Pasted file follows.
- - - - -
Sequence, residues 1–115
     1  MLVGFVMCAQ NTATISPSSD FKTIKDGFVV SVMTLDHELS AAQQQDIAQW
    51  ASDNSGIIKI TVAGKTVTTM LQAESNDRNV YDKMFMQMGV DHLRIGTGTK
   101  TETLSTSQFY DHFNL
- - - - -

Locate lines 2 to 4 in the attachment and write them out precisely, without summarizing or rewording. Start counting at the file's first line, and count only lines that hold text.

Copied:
     1  MLVGFVMCAQ NTATISPSSD FKTIKDGFVV SVMTLDHELS AAQQQDIAQW
    51  ASDNSGIIKI TVAGKTVTTM LQAESNDRNV YDKMFMQMGV DHLRIGTGTK
   101  TETLSTSQFY DHFNL